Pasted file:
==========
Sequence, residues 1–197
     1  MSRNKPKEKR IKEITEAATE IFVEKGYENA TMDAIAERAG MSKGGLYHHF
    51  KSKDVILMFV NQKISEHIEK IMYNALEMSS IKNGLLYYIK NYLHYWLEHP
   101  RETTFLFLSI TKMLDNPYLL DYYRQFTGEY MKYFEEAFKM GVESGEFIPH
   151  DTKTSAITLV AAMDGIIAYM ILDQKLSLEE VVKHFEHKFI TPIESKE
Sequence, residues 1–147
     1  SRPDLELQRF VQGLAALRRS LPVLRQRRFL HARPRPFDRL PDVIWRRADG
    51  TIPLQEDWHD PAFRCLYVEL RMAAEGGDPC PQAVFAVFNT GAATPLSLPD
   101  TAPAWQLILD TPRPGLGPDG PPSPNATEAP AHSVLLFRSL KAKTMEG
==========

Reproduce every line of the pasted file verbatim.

Sequence, residues 1–197
     1  MSRNKPKEKR IKEITEAATE IFVEKGYENA TMDAIAERAG MSKGGLYHHF
    51  KSKDVILMFV NQKISEHIEK IMYNALEMSS IKNGLLYYIK NYLHYWLEHP
   101  RETTFLFLSI TKMLDNPYLL DYYRQFTGEY MKYFEEAFKM GVESGEFIPH
   151  DTKTSAITLV AAMDGIIAYM ILDQKLSLEE VVKHFEHKFI TPIESKE
Sequence, residues 1–147
     1  SRPDLELQRF VQGLAALRRS LPVLRQRRFL HARPRPFDRL PDVIWRRADG
    51  TIPLQEDWHD PAFRCLYVEL RMAAEGGDPC PQAVFAVFNT GAATPLSLPD
   101  TAPAWQLILD TPRPGLGPDG PPSPNATEAP AHSVLLFRSL KAKTMEG